Meat, Prey, Love: A Farewell to NBC’s ‘Hannibal’

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September 18, 2015 by Jason Seligson

“This is all I’ve ever wanted for you, for us.” –Hannibal Lecter

By Jason Seligson

SPOILER ALERT: This article discusses plot details from the final episode of Hannibal. 

Brilliant. Beautiful. Grotesque. Hannibal was all of these things, and then some. It was a work of horror, but it was also a work of art. It pushed the envelope without abandoning its deeper themes. And it was genius storytelling, raising the bar not only for network shows, but all of television. It accomplished things no other show had ever done before. In honor of it’s ending, let’s take a look back at the past three seasons.

When Hannibal premiered in the spring of 2013, it started off like a typical procedural drama—there’s a murder, the FBI investigates, Hannibal is behind it, but manages to evade suspicion. You know the deal. It’s clear that NBC must have had an easier time marketing those first thirteen hours as stand-alone episodes than Seasons 2 and 3, both of which were far more serialized. And it wasn’t a big ask of the audience, either: the show had a hook in its recognizable name; plus, Hannibal looked like nothing on television and featured extraordinary performances from lead actors Hugh Dancy and Mads Mikkelsen. An audience—albeit a small one—latched on. From the start, Hannibal wasn’t a ratings success, but it was objectively excellent TV. Subjectively, mileage would certainly vary depending on one’s threshold for gore.

Thus began the hardships of being a “Fannibal”—which were really the same woes that come with being a devout fan of anything that has a small following. Except…this was a particularly difficult show to spread the word about. Personally, I wanted to shout its brilliance from the rooftops, but I found it really hard to articulate that kind of praise in the form of an actual recommendation. Should I breeze over the cannibal part when telling friends and family? Should I emphasize that the scenes where Hannibal eats people have some of the most gorgeous cinematography and that the food actually looks kind of…good? No, I guess that’s an especially hard leap for a skeptic to make. Needless to say, over the next three seasons, Hannibal’s fan-base would remain small, but feverishly loyal (like cannibalistic Hufflepuffs).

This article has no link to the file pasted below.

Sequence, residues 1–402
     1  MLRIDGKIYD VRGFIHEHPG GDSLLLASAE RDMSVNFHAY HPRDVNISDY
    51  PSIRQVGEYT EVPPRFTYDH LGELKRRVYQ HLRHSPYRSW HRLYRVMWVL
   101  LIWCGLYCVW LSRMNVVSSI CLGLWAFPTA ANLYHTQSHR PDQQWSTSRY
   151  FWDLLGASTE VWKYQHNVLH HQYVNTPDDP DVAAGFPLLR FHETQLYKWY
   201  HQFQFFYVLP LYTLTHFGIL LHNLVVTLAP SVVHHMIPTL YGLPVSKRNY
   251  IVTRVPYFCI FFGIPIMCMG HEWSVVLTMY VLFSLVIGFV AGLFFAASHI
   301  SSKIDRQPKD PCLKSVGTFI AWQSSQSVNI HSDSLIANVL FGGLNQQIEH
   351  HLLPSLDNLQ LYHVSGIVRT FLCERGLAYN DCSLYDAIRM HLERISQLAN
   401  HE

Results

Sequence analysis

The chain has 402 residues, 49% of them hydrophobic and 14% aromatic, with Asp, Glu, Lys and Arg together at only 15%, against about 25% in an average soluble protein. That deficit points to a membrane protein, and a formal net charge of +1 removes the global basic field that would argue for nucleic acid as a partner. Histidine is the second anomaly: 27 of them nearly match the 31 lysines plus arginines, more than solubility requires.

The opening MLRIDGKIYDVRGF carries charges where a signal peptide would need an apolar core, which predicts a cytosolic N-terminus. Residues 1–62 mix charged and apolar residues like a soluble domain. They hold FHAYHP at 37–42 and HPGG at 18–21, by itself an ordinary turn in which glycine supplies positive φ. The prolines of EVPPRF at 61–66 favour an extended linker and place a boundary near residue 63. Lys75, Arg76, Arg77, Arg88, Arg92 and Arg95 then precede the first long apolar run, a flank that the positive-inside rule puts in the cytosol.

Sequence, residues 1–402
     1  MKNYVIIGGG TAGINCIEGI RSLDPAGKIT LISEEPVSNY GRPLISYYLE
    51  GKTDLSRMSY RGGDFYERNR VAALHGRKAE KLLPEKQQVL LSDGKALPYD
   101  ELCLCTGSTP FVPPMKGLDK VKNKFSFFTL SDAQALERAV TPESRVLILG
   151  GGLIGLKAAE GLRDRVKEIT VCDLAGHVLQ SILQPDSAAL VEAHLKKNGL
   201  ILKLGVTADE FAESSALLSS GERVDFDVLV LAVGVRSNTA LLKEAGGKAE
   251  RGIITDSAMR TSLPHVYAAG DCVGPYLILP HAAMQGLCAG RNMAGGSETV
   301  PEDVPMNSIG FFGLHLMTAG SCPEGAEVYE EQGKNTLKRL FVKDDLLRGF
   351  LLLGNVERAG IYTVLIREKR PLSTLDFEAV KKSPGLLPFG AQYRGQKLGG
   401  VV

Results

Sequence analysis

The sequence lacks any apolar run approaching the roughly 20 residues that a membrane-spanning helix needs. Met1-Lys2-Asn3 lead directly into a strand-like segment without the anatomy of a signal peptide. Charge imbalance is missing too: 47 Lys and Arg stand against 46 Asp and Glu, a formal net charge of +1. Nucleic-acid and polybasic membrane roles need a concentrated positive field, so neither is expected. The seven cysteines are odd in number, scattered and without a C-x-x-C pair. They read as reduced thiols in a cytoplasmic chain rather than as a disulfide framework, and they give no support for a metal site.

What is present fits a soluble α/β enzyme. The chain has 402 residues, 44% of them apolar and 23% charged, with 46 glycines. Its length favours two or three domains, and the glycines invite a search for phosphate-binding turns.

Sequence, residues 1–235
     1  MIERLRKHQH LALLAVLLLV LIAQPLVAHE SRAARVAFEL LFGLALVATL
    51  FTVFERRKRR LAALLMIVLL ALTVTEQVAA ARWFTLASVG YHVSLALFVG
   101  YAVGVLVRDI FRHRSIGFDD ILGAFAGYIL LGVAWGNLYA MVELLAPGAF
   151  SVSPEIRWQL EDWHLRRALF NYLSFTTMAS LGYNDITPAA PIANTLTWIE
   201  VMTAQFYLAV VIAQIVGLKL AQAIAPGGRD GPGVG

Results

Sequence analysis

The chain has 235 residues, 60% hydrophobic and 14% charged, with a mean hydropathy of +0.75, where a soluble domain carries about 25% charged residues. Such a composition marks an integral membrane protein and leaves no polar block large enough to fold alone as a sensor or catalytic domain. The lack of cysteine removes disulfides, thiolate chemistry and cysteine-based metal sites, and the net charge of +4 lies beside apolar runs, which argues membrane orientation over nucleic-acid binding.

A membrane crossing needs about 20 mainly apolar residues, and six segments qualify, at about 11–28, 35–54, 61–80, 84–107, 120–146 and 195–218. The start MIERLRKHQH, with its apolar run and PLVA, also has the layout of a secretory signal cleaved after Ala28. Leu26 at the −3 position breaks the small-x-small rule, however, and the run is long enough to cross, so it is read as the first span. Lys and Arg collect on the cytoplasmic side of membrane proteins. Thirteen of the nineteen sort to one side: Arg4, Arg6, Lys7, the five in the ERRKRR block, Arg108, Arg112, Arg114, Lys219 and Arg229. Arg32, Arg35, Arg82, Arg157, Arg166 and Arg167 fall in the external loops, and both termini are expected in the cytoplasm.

It wasn’t that Hannibal lacked critical acclaim. It concludes its third season currently standing as the longest-running show creator Bryan Fuller has had on the air. So as much as I want to be angry at NBC for prematurely ending the series, I’m grateful for the three seasons we got. Hannibal was Bryan Fuller at his finest. A true creative genius, Fuller brought the larger-than-life aesthetic and fascination with death found in his other short-lived gems like Pushing Daisies to Hannibal, only with far less whimsy. Aside from Mason Verger’s accent, and the occasional humorless quip from Will, I hardly remember much laughing. Okay, I suppose, once he got locked up, Hannibal cracked a few jokes, too. Still, and I can’t emphasize this enough: Hannibal—not a comedy.

The show knew when to wink at the die-hard fans, but it also had a strong instinct on when to subvert expectations. The end of Season 1 famously reversed the beginning of Silence of the Lambs, with Will Graham being behind bars instead of Dr. Lecter. The show also worked for novices like me as well, someone who had no knowledge of the previous source material before Hannibal. Fuller and his team were making enough changes in their adaptation that prior knowledge didn’t really matter. Every season of their macabre masterpiece, they managed to top themselves. Season 2’s finale was bigger and bolder, featuring one of the most daring scenes on any drama in recent memory: Hannibal massacring all of the main characters on the show.

Season 3 was the most fractured chapter of Hannibal’s story. Split into two halves, showing a darker side to all its characters, and blurring the line between fantasy and reality more than ever, the story was often dizzying to try to piece together, but never boring. The Italy arc gave us our biggest shift away from the procedural storytelling and felt in many ways, like the show had hit the reset button. If I had to pick a favorite moment, it would be when Jack Crawford finally tracks down Hannibal and beats the ever-loving crap out of him, only to watch Hannibal escape—by grabbing the corpse of the man he had just brutally murdered.